Take the 2-minute tour ×
Stack Overflow is a question and answer site for professional and enthusiast programmers. It's 100% free, no registration required.

The user uploads a file and I convert that file to a new format. How do I insert the created file into the DB?

When I do the obvious field.file = newfile, it tries to upload it. So, I guess the question is, how do I add a file to the database without having it try and write the file to the filesystem?

--Edit-- I don't want to store the file in the DB. I just want to set the path that the FileField points to without having the FileField try to write the file to disk (because it's already on disk).

share|improve this question
add comment

3 Answers

You can of course still do this (as I just have) by directly modifying the database. You can create the sql code to execute using a django-based script, and then run it through your database (in my case sqlite3):

# Set up django environment
from django.core.management import setup_environ
from app import settings
setup_environ(settings)

from project.app.models import MyModel

# Prints sql to update file locations since django won't :(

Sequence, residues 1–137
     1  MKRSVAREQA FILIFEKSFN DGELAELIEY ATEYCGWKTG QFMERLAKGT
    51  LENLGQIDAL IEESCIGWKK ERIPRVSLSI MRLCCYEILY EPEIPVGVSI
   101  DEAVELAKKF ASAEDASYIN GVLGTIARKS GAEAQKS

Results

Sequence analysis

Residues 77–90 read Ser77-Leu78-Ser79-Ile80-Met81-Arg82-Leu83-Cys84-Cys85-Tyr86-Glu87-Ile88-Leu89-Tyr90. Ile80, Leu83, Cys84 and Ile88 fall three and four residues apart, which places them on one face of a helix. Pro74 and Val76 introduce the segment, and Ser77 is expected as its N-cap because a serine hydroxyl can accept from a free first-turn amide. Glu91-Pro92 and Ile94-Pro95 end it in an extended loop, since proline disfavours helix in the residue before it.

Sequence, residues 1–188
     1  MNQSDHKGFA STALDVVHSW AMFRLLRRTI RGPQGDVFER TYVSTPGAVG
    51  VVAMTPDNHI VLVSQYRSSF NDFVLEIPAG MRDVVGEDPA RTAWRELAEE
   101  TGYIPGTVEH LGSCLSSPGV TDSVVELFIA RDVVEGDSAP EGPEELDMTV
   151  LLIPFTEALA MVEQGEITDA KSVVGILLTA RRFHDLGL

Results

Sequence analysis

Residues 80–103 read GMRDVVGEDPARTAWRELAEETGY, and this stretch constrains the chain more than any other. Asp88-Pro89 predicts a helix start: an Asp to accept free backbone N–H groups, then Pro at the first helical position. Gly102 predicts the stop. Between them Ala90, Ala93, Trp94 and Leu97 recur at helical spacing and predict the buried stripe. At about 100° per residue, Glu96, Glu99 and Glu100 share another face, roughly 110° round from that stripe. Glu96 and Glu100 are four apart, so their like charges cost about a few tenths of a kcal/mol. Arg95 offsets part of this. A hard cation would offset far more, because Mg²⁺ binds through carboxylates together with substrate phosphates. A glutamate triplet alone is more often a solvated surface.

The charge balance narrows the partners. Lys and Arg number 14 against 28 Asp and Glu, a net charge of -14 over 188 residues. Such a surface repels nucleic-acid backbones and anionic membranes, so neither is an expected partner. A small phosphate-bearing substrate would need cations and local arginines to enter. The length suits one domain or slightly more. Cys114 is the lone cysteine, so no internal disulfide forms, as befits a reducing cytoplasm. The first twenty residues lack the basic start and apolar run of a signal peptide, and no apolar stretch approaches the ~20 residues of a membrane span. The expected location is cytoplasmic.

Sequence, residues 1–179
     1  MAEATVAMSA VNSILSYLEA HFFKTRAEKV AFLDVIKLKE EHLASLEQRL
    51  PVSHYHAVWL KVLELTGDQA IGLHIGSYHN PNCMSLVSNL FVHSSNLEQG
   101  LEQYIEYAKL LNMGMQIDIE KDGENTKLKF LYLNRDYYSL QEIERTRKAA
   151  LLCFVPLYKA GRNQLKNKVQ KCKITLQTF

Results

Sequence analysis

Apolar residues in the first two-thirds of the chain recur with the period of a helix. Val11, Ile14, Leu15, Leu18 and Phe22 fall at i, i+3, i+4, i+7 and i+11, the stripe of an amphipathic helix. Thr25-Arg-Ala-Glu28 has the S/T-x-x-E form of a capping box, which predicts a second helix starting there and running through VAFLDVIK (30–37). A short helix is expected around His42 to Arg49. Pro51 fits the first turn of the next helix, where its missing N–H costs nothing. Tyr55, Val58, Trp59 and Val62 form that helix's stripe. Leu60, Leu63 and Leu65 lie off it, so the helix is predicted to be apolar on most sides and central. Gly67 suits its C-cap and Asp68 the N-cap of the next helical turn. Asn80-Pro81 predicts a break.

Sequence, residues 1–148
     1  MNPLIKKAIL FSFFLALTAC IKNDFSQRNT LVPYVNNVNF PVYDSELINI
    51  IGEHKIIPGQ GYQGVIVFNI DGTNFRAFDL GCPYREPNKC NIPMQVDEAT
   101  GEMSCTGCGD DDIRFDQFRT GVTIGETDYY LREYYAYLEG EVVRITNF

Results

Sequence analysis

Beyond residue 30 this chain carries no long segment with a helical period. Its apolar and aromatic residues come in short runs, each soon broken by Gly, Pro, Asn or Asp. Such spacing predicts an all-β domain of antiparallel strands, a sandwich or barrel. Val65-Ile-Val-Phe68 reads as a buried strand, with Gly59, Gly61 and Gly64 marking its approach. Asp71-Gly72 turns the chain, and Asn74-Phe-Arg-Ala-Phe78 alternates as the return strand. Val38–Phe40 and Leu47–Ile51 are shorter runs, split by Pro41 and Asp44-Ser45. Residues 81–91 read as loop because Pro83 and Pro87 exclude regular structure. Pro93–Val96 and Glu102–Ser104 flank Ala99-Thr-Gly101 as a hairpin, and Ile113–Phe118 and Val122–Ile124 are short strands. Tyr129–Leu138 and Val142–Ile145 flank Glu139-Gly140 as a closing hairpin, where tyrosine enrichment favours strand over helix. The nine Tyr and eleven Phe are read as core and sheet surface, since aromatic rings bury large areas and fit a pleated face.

for myModel in MyModel.objects.all():
  # You can do the below even better if you use the same method as the model uses
  # to generate upload_to
  file_name = 'my_file_this_should_depend_on_myModel'
  file_location = 'path/to/file/dir/%s' % file_name
  print "UPDATE app_mymodel SET file_field='%s' WHERE id=%s;" % \
    (file_location, myModel.id)

Then use the output of this script and run it through your DB!

share|improve this answer
add comment

Short answer, there is no direct way to do this in Django, and the core devs aren't keen on it - see ticket #652.

share|improve this answer
    
the ticket isn't related to the question - the ticket is to upload a file into a blob inside the DB, while the question is to change a file field to point to an existing file on the filesystem instead of uploading... –  Roee Shenberg Mar 2 '12 at 22:39
add comment

Set Django's FileField to an existing file is a newer duplicate, but the answer there seems better than directly modifying the database.

share|improve this answer
add comment

Your Answer

 
discard

By posting your answer, you agree to the privacy policy and terms of service.

Not the answer you're looking for? Browse other questions tagged or ask your own question.